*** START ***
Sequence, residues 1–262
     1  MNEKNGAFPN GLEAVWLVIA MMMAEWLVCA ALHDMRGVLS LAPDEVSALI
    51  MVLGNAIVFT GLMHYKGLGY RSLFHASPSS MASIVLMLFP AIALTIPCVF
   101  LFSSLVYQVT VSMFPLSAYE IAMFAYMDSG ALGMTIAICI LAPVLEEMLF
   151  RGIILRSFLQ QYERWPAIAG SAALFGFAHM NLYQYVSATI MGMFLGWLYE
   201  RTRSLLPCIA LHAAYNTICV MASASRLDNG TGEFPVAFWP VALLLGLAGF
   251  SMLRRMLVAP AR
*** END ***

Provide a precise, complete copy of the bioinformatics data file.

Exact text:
Sequence, residues 1–262
     1  MNEKNGAFPN GLEAVWLVIA MMMAEWLVCA ALHDMRGVLS LAPDEVSALI
    51  MVLGNAIVFT GLMHYKGLGY RSLFHASPSS MASIVLMLFP AIALTIPCVF
   101  LFSSLVYQVT VSMFPLSAYE IAMFAYMDSG ALGMTIAICI LAPVLEEMLF
   151  RGIILRSFLQ QYERWPAIAG SAALFGFAHM NLYQYVSATI MGMFLGWLYE
   201  RTRSLLPCIA LHAAYNTICV MASASRLDNG TGEFPVAFWP VALLLGLAGF
   251  SMLRRMLVAP AR